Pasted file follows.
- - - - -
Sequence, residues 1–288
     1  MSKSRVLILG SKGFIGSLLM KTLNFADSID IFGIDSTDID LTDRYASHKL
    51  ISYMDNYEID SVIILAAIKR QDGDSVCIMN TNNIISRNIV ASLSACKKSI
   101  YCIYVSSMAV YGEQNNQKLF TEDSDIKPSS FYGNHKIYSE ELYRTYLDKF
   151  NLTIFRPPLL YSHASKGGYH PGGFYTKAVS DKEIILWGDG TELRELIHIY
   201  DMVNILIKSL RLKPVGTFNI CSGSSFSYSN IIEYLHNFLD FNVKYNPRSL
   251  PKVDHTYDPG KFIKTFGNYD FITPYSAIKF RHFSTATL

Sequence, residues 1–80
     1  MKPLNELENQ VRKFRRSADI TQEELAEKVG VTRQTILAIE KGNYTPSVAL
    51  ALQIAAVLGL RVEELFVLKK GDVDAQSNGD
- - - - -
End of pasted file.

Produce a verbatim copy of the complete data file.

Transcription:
Sequence, residues 1–288
     1  MSKSRVLILG SKGFIGSLLM KTLNFADSID IFGIDSTDID LTDRYASHKL
    51  ISYMDNYEID SVIILAAIKR QDGDSVCIMN TNNIISRNIV ASLSACKKSI
   101  YCIYVSSMAV YGEQNNQKLF TEDSDIKPSS FYGNHKIYSE ELYRTYLDKF
   151  NLTIFRPPLL YSHASKGGYH PGGFYTKAVS DKEIILWGDG TELRELIHIY
   201  DMVNILIKSL RLKPVGTFNI CSGSSFSYSN IIEYLHNFLD FNVKYNPRSL
   251  PKVDHTYDPG KFIKTFGNYD FITPYSAIKF RHFSTATL

Sequence, residues 1–80
     1  MKPLNELENQ VRKFRRSADI TQEELAEKVG VTRQTILAIE KGNYTPSVAL
    51  ALQIAAVLGL RVEELFVLKK GDVDAQSNGD